Here we report for the first time the occurrence of Hylettus seniculus Germar 1824 (Coleoptera: Cerambycidae) boring Pinus caribaea var. hondurensis Morelet (Pinaceae) trunks. Damage by this insect were evaluated from August to Dec 2008 and 2009 by cutting a tree per month from 5 groups of trap trees (5 plants per group) stressed with systemic herbicide. The damage by H. seniculus on trap trees P. caribaea var. hondurensis indicates that prolonged storage of pine logs in the field should be avoided.
Cerambycids commonly affect forest trees and logs in Brazil (Zanuncio et al. 2005, 2010). For example, 13 cerambycid species were collected in a eucalyptus plantation and in the adjacent native cerrado vegetation in Minas Gerais State, Brazil, with 8 of them reported to damage eucalyptus and other Myrtaceae (Santos et al. 2014). Phoracantha recurva F., a quarantine pest for Brazil and European countries, damaged E. citriodora Hook logs (Wilcken et al. 2002). Anoplophora glabripennis Motschulsky damaged the phloem and xylem of Pinus spp. trees (Pinaceae) (Cavey et al. 1998). Oxymerus luteus Voet and O. nigricornis Dupont damaged E. tereticornis plants (Berti-Filho 1997). Adults and larvae of O. basalis were collected on trunks and branches of eucalypt clone plants (E. urophylla x E. grandis) (Zanuncio et al. 2009). Here, we report a wood-borer damaging Pinus caribaea var. hondurensis logs in the municipalities of Prata (S 19° 17′ W 48° 54′) and Uberlândia (S 18° 54′ W 48° 15′), Minas Gerais State, Brazil.
In 2007 and 2008, we sampled five groups of trap trees one group per local; each group was comprised of five plants treated with herbicide (Dodds et al. 2012). These trees were marked with plastic tape, georeferenced, and the CAP (circumference at breast height) measured. The herbicide Roundup NA (glyphosate) was applied at 1.0 mL per 10 cm CAP with a 20 mL syringe in four cuts on each trunk (north, south, east and west) approximately 1.30 m above ground. This herbicide was applied in Dec 18 and 19, 2007 and Dec 16 and 17, 2008. One tree per group was cut in Aug, Sep, Oct, Nov and Dec 2008 and 2009. The tree length was measured and the middle third selected and sectioned into 0.80 m long logs. Sign of borer infestation such as splatter resin on trunk and holes of adult emergence were evaluated in these logs.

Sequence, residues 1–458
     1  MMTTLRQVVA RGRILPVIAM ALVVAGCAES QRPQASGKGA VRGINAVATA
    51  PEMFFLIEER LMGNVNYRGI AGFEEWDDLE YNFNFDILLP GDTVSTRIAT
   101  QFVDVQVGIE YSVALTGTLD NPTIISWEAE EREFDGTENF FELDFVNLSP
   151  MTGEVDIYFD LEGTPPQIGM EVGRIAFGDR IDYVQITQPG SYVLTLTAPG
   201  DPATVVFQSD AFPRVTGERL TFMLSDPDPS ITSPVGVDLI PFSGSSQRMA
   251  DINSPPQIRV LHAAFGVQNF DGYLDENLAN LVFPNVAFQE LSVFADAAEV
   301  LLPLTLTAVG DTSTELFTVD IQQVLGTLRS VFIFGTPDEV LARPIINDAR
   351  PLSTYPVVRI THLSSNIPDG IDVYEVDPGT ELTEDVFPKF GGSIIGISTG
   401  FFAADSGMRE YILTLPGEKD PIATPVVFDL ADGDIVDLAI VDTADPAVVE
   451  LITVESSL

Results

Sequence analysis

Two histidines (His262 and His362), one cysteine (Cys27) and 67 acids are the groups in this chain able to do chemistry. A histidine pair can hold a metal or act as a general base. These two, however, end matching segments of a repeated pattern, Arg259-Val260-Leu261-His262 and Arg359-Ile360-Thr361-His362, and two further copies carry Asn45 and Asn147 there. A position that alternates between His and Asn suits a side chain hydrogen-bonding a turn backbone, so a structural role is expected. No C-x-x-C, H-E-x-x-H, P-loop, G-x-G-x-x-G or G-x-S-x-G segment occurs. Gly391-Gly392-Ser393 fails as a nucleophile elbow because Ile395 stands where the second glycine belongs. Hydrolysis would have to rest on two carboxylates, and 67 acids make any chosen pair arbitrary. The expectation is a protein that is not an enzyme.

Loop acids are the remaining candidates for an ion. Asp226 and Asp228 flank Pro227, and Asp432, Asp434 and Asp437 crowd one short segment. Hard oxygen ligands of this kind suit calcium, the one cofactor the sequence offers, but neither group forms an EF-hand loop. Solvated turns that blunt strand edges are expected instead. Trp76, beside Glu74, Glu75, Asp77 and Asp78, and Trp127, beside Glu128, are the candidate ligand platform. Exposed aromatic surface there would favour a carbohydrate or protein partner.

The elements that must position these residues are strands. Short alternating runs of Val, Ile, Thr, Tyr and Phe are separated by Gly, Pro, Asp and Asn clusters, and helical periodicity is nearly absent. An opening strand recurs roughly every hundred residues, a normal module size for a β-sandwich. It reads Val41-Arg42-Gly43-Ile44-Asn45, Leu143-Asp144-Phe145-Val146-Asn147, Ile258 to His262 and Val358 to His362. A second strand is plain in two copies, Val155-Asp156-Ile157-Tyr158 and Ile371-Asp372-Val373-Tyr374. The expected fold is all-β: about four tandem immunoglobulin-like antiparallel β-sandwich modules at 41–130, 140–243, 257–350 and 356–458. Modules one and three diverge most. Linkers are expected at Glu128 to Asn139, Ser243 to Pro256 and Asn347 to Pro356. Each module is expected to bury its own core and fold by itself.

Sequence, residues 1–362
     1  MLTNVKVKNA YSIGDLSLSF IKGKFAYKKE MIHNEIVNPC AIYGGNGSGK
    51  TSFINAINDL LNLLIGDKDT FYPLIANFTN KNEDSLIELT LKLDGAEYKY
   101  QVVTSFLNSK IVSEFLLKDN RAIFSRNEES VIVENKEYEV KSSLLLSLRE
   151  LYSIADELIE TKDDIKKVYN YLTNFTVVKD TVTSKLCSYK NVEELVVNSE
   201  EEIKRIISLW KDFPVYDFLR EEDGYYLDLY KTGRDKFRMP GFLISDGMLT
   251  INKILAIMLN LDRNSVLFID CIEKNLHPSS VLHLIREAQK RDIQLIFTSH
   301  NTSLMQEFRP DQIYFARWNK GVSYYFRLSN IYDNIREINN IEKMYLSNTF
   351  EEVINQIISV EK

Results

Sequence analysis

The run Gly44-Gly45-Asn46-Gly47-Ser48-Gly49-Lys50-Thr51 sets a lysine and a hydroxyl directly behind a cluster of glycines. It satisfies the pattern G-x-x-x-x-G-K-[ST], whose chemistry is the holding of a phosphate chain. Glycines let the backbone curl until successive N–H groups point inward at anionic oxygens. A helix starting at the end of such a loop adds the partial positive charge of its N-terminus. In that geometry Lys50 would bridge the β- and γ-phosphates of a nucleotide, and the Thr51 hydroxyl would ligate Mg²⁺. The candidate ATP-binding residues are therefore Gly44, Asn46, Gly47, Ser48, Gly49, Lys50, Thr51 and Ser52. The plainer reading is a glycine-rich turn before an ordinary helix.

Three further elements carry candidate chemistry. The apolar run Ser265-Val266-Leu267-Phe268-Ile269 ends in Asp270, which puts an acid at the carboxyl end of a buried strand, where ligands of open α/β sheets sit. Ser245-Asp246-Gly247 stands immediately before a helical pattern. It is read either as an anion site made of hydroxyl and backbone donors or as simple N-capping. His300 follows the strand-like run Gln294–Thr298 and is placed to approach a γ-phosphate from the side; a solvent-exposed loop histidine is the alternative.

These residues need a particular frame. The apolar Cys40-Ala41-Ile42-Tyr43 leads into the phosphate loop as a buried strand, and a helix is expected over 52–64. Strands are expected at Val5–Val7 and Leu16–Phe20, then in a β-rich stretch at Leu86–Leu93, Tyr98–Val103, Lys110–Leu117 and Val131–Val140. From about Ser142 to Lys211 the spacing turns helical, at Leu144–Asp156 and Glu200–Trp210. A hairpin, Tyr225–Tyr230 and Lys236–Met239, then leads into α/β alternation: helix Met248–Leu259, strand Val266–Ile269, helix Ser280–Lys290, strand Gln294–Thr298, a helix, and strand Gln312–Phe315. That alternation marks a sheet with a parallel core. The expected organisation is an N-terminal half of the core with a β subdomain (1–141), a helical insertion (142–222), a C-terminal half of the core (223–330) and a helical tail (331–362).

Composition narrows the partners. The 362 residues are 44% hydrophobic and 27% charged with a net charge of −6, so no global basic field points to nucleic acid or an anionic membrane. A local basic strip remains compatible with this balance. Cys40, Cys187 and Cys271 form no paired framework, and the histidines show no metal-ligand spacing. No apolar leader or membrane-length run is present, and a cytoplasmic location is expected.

Wood-borers were observed in trap trees starting with the first evaluation in August until the last in Dec 2008 and 2009. Prepupae, pupae, and adults of a Coleoptera were found under the bark of the trunks, and larvae in P. caribaea var. hondurensis logs cut with a chainsaw (Figs. 1, 2 and 3). Radial galleries of this larva were also observed. All insects found were collected, packed in 70% ethyl alcohol, and sent to the Department of Crop Protection of UNESP in the municipality of Botucatu, São Paulo State, Brazil. Larvae, prepupae, pupae, and adult images were sent to Dr. Antonio Santos Silva of Museum of Zoology of University of São Paulo for species identification. The insect was identified as Hylettus seniculus Germar 1824 (Coleoptera: Cerambycidae).
In Brazil, H. seniculus Germar (Coleoptera: Cerambycidae) was reported to develop in branches and trunks of citrus plants in Roraima State, causing leaf wilting, drying, and breaking of branches, and tree death (Moreira et al. 2003). This species also was collected in large numbers in mango cultivation in Piauí State (Paz et al. 2008). Bionomic data for species of this genus are scarce, but H. coenobita larvae fed on Brosimum sp., Ficus sp. and Perebea sp. (Moraceae) and H. spilotus on Protium sp. (Burseraceae) (Tavakilian et al. 1997). However, this is the first report of P. caribaea being attached by H. seniculus in Brazil.
Larvae and pupae of H. seniculus are whitish; adults are about 4.5 cm long, with antennae reaching half the body length. They nocturnal, and typically found resting on logs or under bark of fallen trees (Costa Lima 1955). Larvae of this species pupate in the cortex region of plants (Moreira et al. 2003).
Forest resources can be maximized if proper management procedures are implemented. Monitoring and understanding the insect fauna and its relationship with forest plantations are important (Moreira et al. 2003). Storage of P. caribaea var. hondurensis logs should be avoided because of damage by H. seniculus can disqualify logs for sawmills.
To “Conselho Nacional de Desenvolvimento Científico e Tecnológico (CNPq)”, “Coordenação de Aperfeiçoamento de Pessoal de Nível Superior (CAPES)” and “Fundação de Amparo à Pesquisa do Estado de Minas Gerais (FAPEMIG)” for financial support. To Dr. Antonio Santos Silva, University of São Paulo for the identification of the species studied and the Faber-Castell S.A. by supporting the experiment. Global Edico Services corrected and edited the English of this manuscript.